76th Annual  Meeting
The U.S. Conference of Mayors
76th Annual Meeting
June 20-24, 2008



WHEREAS, the Earned Income Tax Credit (EITC) is the nation'slargest wage support for low-income workers; and

WHEREAS, while the EITC is an effective support for many low-income workers, it does not provide needed assistance to mostlow-wage childless workers and noncustodial parents; and

WHEREAS, the broad expansion would be used to encourage andincentivize work for those populations that otherwise would notsubstantially benefit from the EITC; and

WHEREAS, studies show that non-custodial fathers who earn more, pay more child support, visit their children more often and aremore likely to marry; and

WHEREAS, expanding EITC to non-custodial parents that are payingchild support encourages both work and responsible parenting;and

WHEREAS, waiting until age 25, as the current EITC for singlesdoes, may unnecessarily penalize young, non-college-boundworkers who are supporting families; and

WHEREAS, currently, if a couple is married both parents’earnings are counted when calculating the EITC, therefore, married families receive significantly less EITC benefits thanunmarried couples with children, which creates a marriagepenalty; and

WHEREAS, current EITC policy disadvantages low-income marriedfamilies compared to single parent families and it alsodiscourages couples who otherwise might marry; and

WHEREAS, eliminating the EITC marriage penalty for low-incomeworkers will strengthen American families; and

WHEREAS, public policy that supports low-income workingindividuals and families and encourages work strengthensAmerican society; and

WHEREAS, since EITC is not indexed to protect against inflation, its value to low-income workers becomes eroded over time,

NOW, THEREFORE, BE IT RESOLVED, that The United States Conference of Mayors calls on Congress to reform the EarnedIncome Tax Credit so that the benefits available to lower income families and individuals will be increased, simplified, andeasier to access; and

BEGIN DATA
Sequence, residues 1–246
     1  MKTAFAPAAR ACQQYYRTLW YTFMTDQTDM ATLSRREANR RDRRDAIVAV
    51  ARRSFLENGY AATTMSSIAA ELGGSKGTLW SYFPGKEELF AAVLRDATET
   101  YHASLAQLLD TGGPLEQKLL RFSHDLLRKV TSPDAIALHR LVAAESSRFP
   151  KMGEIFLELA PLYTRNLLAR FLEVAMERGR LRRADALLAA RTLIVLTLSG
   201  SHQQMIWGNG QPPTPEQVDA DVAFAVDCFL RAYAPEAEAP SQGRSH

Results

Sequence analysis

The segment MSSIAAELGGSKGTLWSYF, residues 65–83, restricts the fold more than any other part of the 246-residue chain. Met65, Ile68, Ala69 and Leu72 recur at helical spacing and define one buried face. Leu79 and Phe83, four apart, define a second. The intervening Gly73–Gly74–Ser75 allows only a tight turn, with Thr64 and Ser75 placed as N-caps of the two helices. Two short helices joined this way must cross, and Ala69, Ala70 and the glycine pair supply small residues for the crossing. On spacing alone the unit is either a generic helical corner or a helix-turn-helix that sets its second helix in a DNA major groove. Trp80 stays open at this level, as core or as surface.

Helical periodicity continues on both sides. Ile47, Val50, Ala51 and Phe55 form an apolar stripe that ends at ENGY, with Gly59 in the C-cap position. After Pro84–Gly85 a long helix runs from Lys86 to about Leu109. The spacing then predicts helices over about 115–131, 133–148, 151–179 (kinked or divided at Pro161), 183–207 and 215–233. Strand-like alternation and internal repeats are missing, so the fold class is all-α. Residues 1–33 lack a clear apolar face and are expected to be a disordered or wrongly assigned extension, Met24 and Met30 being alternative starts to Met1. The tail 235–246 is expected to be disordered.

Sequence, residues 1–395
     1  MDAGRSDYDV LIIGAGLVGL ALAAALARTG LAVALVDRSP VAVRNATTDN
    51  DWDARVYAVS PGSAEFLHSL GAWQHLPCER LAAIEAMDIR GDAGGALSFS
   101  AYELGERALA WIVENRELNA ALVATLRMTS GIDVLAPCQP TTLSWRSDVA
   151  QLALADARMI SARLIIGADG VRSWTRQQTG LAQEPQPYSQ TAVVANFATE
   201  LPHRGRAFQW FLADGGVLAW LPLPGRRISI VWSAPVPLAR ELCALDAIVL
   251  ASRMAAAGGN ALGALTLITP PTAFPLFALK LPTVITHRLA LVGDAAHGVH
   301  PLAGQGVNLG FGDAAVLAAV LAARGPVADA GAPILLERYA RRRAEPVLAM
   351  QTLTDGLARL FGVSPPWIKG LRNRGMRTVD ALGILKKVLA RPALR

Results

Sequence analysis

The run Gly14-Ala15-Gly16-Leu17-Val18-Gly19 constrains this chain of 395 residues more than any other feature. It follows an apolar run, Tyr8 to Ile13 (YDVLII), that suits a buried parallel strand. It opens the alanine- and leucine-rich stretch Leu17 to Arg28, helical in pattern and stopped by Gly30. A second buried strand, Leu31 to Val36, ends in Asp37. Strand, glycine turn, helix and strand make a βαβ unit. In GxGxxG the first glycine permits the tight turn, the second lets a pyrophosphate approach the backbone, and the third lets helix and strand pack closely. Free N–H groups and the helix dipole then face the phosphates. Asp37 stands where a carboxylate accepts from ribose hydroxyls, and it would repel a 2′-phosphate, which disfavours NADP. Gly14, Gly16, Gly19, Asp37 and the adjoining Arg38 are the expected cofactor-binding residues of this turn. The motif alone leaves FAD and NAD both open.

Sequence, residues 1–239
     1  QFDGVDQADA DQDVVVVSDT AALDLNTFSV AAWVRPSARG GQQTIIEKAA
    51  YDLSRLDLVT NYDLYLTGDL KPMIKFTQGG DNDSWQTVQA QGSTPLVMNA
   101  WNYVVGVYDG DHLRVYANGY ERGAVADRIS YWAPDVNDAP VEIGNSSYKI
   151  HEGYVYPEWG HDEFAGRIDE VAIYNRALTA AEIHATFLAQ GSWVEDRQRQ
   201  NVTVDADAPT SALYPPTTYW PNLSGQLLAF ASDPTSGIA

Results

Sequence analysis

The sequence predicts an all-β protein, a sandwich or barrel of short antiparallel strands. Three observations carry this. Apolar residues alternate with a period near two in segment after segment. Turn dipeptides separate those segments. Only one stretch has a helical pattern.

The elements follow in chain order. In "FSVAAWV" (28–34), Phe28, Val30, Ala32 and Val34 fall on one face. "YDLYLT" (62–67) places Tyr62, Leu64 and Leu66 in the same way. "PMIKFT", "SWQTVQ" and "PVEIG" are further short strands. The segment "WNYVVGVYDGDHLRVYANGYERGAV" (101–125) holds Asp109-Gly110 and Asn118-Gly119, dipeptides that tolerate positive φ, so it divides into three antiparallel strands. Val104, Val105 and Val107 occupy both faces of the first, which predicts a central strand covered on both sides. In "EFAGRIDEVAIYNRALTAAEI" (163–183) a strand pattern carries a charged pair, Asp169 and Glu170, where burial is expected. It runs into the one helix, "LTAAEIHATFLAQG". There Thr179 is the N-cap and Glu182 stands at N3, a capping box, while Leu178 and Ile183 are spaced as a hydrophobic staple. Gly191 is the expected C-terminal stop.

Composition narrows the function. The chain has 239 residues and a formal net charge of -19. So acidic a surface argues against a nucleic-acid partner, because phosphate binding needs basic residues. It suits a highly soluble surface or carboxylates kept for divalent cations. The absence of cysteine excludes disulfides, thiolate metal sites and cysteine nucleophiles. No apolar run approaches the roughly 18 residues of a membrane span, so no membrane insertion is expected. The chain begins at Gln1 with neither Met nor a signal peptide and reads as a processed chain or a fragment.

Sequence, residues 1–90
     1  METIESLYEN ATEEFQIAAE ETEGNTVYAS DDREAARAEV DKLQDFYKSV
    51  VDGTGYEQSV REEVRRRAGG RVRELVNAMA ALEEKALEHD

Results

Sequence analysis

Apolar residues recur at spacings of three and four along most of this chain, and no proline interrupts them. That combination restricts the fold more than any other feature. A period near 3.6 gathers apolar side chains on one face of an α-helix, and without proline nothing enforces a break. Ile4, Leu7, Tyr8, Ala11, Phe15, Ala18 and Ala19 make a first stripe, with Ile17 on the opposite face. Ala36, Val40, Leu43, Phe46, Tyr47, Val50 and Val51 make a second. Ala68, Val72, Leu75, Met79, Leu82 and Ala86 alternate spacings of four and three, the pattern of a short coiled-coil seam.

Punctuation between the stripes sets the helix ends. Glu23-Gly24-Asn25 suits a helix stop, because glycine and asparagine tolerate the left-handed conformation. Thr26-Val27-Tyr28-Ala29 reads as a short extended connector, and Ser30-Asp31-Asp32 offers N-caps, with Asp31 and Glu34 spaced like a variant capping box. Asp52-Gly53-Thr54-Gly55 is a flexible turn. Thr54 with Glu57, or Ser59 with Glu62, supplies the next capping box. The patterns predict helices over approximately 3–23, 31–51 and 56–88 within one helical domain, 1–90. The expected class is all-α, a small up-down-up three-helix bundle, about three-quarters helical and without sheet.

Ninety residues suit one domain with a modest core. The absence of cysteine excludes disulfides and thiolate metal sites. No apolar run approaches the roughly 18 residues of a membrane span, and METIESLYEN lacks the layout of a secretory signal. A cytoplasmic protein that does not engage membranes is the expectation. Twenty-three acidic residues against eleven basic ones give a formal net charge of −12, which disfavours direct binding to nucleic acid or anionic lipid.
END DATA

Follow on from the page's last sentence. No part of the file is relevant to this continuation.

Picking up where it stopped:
BE IT FURTHER RESOLVED, that Congress substantially expand theEITC amount by tripling it so that it better rewards hardworking, lower income families; and

BE IT FURTHER RESOLVED, that Congress expand the eligibility forsingle adults by significantly increasing the maximum earningscap for those workers from $12,000 to $18,000; and

BE IT FURTHER RESOLVED, that Congress expand the eligibility fornon-custodial parents who are paying child support bysignificantly increasing the maximum earnings cap for thoseworkers from $12,000 to $18,000; and

BE IT FURTHER RESOLVED, that Congress ensure that the EITCencourages an increased attachment to the workforce; and

BE IT FURTHER RESOLVED, that Congress should lower the age ofeligibility for the EITC from 25 years of age to 21 years of agewith the exception of making payments to full-time collegestudents who often have other means of support; and

BE IT FURTHER RESOLVED, that Congress should increase benefitsfor working single adults and non-custodial parents byincreasing the phase-in phase-out rate; and.

BE IT FURTHER RESOLVED, that Congress allow families withmarried parents to file for EITC separately and allow the parentwho claims the children to receive the EITC rates for families and allow the other parent to receive the new EITC rate forsingle individuals, and thereby alleviate the “marriagepenalty”; and

BE IT FURTHER RESOLVED, that Congress index the EITC to theminimum wage.